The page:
Flocks Of Drones At Disney?

Check out this report about how Disney wants to use drones in it’s theme park shows.

I imagined drones in theme parks for boring utility purposes. Use your phone to make order a drink while you wait for your table at a restaurant seat and a drone delivers it. Or drones that deliver water and other goodies while you stand in line for a ride. Or they would take tracking videos of you as you scream your head off on a ride.

I hadn’t considered drones as actors on an entertainment stage. These patents from Disney are eye-opening, especially the idea of using “flocks of drones” in a coordinated dance. The word flock makes me imagine drones that communicate to each other as they fly, but even if it’s only a flock that’s controlled by an operator on the ground it’s still awesome.

Glass: A Low Fidelity Prototype

I was fortunate enough to have been recently invited to participate in some early product discussions for a new application Hearst may be working on for Google’s Glass. It’s all very hush-hush, but I think it’s ok to share this much. I haven’t had access to the new hardware, so I did a mockup for myself, and wore it around my house, imagining what sort of messages and images I would welcome if they appeared just above my line of sight. Here I am, in all my serious, scientific goofball glory:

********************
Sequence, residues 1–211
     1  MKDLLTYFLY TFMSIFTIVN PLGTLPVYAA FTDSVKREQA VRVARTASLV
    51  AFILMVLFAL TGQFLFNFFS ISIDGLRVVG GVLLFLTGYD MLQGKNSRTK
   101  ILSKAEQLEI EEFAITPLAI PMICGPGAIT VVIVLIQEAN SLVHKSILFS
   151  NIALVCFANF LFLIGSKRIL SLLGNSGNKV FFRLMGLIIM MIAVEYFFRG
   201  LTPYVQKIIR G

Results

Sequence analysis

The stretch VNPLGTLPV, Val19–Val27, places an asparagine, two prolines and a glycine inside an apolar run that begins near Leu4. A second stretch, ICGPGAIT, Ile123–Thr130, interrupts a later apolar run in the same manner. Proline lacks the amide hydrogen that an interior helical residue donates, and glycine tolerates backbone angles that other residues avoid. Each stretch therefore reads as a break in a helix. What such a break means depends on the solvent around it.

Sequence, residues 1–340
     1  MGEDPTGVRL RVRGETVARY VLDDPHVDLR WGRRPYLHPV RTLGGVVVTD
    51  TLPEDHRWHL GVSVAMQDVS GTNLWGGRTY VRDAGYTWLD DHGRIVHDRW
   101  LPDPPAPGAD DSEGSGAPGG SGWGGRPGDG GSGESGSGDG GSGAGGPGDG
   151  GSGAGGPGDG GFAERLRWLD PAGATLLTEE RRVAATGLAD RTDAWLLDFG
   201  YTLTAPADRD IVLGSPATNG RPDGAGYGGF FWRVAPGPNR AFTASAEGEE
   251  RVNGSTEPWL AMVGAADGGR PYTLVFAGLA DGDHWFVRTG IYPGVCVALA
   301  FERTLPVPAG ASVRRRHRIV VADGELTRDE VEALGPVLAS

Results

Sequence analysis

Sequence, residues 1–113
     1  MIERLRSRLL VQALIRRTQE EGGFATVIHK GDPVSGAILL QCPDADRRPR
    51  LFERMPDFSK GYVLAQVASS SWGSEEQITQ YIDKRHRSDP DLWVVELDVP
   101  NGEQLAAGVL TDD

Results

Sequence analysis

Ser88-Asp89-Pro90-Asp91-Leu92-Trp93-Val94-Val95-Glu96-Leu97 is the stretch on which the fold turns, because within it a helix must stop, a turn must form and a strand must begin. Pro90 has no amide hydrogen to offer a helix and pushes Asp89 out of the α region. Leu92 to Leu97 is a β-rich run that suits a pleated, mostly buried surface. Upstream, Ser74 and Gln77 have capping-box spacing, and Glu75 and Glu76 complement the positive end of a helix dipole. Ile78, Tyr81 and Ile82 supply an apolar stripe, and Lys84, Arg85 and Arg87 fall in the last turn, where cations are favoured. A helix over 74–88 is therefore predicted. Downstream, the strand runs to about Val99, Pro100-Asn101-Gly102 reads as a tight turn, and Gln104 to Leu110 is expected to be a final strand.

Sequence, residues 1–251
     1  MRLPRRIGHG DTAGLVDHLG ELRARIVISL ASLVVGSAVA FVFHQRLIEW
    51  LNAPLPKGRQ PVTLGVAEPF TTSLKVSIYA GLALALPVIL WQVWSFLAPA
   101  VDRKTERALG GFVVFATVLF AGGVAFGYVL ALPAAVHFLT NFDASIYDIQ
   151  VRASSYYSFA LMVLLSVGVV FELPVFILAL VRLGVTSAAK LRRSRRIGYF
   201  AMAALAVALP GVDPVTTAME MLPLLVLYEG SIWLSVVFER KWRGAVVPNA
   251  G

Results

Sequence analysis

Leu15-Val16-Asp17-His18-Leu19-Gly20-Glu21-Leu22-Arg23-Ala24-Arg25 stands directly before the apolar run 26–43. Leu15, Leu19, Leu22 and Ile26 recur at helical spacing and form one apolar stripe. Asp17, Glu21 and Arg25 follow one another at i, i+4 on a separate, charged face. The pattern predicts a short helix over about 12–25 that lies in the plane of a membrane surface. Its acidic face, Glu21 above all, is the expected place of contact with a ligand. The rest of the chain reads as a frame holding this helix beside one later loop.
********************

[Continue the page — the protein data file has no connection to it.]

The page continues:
Low fidelity prototype for Glass applications
Low fidelity prototype for Glass applications

Fascinating Train Study

As the train slows down, the people appear to come to life. This was shot with a high speed camera from a train window, as the train was pulling into a station, then played back at a slower frame rate.

Graeme Taylor tells how he did it here: “Pointless, action-free and totally mesmerising” and I’ll stop the world.